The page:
“We’re thrilled to welcome Stephen Collinson to CNN as a senior enterprise reporter,” Smolkin told FishbowlDC of Collinson’s hire. “He is a beautiful writer who brings tremendous experience covering politics, the White House and international affairs — and he’s a terrific addition to our fast-growing team.”
— Is the Internet Starting to Fracture? at the Brookings Institute, 9 a.m.
— Book Rap: Travis Smiley “Death of a King: The Real Story of Dr. Martin Luther King Jr.’s Final Year” at the National Press Club, 6:30 p.m.
— Cyber Security Skills For Journalists at the National Press Club, 6:30 p.m.
The Revolving Door
Know someone starting or leaving a job? Let us know.
Fishbowl Fun Fact
Chocolate chip cookie dough ice cream was first created by Ben & Jerry’s.
Front Page of the Day
From TVNewser to FishbowlNY, here are your top stories from across Mediabistro.
From WaPo to WJLA, here are the stories that are leading your homepages today, after the jump…
The Atlantic today named Vanity Fair’s national advertising director Bill Mulvihill its next associate publisher. The last person in the role was Hayley Romer who currently serves as Atlantic publisher and VP.
In that role, he’ll lead its global sales team and advertising across platforms.
“The Atlantic is a brand I’ve long admired, and joining the team feels like a dream career move,” said Mulvihill in the announcement. “It has evolved into a multi-platform category leader that isn’t afraid to challenge the status quo and is leading the way in “best in class” content and brand marketing programs.”
Prior to joining VF, Mulvihill served as the East Coast advertising director for Entertainment Weekly, and has been in sales for The Week, Cookie magazine, and The Chicago Tribune.
In July, The Atlantic announced record growth for newsstand sales and website traffic.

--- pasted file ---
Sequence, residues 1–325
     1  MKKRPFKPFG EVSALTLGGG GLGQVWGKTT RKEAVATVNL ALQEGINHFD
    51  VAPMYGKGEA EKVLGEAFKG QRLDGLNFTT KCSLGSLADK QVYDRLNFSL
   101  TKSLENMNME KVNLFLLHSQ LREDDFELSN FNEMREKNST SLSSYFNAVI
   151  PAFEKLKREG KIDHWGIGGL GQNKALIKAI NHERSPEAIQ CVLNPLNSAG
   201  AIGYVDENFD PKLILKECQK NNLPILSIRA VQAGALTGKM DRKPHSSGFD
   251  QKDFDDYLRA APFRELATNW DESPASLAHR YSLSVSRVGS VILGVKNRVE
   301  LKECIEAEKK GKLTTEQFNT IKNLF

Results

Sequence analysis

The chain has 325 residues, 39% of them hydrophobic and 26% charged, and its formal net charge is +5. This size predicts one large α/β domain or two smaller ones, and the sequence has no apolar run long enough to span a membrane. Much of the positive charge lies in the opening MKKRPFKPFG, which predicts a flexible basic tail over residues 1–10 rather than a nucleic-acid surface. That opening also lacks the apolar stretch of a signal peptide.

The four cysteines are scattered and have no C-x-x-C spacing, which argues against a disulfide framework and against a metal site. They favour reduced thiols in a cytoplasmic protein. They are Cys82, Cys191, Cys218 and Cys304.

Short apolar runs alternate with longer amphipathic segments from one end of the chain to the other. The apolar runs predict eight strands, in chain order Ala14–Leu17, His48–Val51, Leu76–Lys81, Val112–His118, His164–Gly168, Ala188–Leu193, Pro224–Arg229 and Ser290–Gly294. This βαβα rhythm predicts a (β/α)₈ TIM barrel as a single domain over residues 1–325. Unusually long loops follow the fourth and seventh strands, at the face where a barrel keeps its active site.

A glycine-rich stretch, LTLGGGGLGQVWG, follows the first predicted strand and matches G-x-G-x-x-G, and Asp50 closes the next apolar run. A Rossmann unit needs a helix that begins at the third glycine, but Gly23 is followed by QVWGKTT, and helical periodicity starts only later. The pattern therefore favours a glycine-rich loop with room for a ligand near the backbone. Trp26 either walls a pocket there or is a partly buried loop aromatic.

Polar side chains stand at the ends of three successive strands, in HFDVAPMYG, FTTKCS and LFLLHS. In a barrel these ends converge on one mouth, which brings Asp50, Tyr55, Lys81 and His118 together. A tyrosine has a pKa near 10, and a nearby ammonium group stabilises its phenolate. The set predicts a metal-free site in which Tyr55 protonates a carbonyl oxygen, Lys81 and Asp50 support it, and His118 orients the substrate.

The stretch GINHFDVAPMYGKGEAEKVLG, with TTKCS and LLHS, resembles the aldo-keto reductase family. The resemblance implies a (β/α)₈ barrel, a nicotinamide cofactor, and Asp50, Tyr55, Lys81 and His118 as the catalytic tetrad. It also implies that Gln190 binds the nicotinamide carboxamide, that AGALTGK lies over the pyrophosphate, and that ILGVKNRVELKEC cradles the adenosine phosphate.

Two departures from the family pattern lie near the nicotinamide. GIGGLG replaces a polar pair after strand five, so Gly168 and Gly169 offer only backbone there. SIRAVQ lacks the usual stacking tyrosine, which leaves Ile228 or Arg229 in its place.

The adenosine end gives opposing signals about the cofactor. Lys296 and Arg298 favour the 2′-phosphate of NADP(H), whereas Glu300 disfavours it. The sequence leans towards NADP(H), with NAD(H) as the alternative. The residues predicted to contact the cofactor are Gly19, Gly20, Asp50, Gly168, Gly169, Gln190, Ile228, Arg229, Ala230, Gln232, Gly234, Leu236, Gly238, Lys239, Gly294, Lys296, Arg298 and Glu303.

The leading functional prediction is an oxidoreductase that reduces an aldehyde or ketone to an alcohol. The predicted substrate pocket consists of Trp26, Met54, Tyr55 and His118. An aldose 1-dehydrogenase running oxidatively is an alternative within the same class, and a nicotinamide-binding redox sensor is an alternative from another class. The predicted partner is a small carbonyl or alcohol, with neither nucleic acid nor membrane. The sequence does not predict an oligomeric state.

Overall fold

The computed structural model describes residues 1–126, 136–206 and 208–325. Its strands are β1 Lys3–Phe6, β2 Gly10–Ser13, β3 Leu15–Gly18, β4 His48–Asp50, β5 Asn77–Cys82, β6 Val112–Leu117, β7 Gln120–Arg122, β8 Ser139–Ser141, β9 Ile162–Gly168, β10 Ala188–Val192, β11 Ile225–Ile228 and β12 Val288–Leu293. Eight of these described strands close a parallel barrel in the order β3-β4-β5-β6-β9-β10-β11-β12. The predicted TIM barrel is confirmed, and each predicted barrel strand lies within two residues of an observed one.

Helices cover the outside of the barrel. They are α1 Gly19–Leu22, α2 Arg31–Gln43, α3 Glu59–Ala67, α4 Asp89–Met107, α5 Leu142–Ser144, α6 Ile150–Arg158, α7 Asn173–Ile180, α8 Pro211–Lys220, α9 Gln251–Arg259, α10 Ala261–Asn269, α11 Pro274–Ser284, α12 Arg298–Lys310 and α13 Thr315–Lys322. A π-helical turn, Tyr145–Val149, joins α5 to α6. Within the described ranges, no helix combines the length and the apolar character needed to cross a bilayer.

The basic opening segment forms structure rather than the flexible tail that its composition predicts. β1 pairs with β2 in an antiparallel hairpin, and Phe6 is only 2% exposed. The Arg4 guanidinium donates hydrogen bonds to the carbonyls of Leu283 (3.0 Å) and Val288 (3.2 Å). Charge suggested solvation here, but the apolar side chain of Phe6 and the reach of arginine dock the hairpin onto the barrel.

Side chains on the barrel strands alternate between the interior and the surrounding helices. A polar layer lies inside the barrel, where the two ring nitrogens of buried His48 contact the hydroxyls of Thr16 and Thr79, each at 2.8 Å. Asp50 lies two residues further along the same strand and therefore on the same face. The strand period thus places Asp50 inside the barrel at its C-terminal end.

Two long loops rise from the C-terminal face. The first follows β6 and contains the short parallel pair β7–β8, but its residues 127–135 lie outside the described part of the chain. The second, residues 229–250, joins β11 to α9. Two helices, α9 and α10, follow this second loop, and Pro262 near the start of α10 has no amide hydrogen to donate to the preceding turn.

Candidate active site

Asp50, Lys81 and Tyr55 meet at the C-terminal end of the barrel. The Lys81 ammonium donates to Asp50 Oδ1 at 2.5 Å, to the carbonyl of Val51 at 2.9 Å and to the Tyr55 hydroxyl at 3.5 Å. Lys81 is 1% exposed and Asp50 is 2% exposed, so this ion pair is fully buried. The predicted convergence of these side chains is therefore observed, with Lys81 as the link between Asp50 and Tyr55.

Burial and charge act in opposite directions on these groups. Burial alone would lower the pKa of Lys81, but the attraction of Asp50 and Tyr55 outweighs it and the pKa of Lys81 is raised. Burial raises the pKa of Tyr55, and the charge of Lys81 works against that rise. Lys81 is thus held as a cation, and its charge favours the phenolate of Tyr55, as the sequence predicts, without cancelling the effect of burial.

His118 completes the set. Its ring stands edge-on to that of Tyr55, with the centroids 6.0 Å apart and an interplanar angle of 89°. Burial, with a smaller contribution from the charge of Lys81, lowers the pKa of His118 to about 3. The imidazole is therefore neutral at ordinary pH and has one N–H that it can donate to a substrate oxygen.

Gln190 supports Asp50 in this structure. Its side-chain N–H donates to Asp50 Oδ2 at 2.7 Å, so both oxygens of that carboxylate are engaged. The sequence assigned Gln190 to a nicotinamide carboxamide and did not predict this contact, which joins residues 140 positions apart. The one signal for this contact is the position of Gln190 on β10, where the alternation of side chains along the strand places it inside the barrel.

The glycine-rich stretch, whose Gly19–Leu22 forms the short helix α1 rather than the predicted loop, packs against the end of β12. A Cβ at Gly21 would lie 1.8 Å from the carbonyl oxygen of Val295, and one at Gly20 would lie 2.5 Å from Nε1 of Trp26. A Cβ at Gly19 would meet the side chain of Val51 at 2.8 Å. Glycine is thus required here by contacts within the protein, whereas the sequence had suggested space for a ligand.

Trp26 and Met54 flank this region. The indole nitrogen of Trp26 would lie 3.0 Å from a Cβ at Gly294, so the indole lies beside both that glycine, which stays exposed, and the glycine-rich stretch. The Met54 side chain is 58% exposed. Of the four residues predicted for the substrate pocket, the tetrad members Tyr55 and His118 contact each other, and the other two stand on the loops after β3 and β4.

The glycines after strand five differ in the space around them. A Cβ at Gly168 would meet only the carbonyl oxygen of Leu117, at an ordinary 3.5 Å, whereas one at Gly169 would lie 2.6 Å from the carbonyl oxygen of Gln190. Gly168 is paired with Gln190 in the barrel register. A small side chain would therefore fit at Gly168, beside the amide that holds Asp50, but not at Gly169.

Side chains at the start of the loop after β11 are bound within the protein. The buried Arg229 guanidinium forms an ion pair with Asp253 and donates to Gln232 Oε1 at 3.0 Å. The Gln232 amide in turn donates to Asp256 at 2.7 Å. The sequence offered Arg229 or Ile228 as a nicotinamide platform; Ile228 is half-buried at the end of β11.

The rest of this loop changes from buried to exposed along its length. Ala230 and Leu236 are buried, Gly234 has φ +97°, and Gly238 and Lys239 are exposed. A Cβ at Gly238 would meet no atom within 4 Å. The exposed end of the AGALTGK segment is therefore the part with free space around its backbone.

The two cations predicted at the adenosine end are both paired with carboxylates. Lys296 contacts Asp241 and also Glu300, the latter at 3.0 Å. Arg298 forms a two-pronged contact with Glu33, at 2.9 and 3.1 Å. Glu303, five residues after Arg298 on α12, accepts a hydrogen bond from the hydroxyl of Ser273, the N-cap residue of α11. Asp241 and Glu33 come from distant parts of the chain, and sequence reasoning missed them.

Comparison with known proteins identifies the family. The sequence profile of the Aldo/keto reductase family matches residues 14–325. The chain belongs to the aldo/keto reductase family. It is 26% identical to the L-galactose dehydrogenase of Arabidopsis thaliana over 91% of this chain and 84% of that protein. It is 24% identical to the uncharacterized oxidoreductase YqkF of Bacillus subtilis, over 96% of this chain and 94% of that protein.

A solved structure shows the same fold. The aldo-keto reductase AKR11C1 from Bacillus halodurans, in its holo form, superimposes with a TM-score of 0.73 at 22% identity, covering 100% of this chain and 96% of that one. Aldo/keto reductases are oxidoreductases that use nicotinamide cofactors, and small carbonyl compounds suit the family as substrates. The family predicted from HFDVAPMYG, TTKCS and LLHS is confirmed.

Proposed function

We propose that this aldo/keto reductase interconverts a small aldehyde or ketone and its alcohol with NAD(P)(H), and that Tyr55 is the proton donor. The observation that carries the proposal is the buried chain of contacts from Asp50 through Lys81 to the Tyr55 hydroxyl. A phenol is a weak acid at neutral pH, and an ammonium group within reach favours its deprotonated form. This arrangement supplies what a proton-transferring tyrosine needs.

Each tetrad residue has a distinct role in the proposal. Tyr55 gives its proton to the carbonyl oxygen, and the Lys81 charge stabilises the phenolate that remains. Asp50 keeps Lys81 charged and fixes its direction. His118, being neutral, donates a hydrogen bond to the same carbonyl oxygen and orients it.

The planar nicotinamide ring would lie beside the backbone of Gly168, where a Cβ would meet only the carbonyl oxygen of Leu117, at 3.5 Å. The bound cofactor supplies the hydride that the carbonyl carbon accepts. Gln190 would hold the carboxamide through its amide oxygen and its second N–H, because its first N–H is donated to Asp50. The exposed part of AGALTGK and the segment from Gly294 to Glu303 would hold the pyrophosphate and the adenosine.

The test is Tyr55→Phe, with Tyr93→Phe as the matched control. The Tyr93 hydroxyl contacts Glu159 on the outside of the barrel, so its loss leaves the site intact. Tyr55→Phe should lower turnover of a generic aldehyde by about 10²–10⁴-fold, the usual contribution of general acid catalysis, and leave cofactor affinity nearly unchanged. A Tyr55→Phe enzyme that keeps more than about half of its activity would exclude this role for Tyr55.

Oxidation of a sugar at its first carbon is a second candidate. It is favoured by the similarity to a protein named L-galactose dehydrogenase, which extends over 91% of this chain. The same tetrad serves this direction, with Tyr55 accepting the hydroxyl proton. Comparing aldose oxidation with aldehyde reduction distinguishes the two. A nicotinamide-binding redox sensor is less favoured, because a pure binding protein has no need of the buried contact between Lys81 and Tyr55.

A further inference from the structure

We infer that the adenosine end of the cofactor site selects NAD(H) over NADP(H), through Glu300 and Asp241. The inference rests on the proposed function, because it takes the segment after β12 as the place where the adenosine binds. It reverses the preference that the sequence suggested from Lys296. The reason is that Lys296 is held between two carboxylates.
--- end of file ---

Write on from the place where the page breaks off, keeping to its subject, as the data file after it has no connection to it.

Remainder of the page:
President Barack Obama at 3pm Wednesday will speak on the topic of foreign terrorist fighters at the United Nations Security Council Summit.
Kendall Jenner from E’s “Keeping up with the Kardashians” joined Rock the Vote on Tuesday in celebration of National Voter Registration Day.
In a video posted to Rock the Vote’s YouTube channel, Jenner voiced her support for the non-profit and non-partisan organization’s efforts to register Americans ahead of the upcoming midterm elections.
From Milan Fashion Week, Jenner said, ”I’m using Rock the Vote’s new mobile registration tool to register to vote and you can too…So our generation’s voice can be heard this fall.”
WATCH for inspiration:
In case you missed it, Tuesday night on “The Daily Show,” host Jon Stewart aired a clip from a CNN broadcast on U.S. strikes against ISIS, and himself referred to it “the iPhone 6 of wars.”
“It’s expensive, a little bigger, little more unwieldy than you thought it was gonna be, it’s at least a two-year commitment,” said Stewart in the show’s opening. “Kinda feels like you just fucking got the last one!”
He went on to offer commentary of the prior night’s operations as well as of media coverage of the strikes.
Stephen Hayes, a senior writer for The Weekly Standard and a FOX News contributor, tweeted on Tuesday his placement on the Department of Homeland Security’s terrorist watch list.
Just informed I’m on the @DHSgov terrorist watch list. Explains why I have been subject to extra screening each of my recent trips.
— Stephen Hayes (@stephenfhayes) September 23, 2014
The Washington Post Tuesday announced that it would “eliminate future retirement medical benefits and freeze defined-benefit pensions for nonunion employees,” WaPo’s Steven Mufson reports. The media company also plans to pursue the same for its union employees.
“The changes will hit hardest at employees hired before 2009 who could plan on receiving pension payments based on their income and years of service. Each of those employees could see scores — or hundreds — of thousands of dollars less over the course of a retirement. More recent hires do not have traditional pension plans.”
“The Post will create a new cash balance plan to replace the pensions for nonunion employees and a separate but similar plan for those covered by the union. Those plans provide employees with a lump sum or annuity when they retire. But they do not guarantee a particular level of retirement payments, thus reducing the risk that Bezos would have to add money to the pension if financial markets plunged.”
For more, click on over to The Washington Post.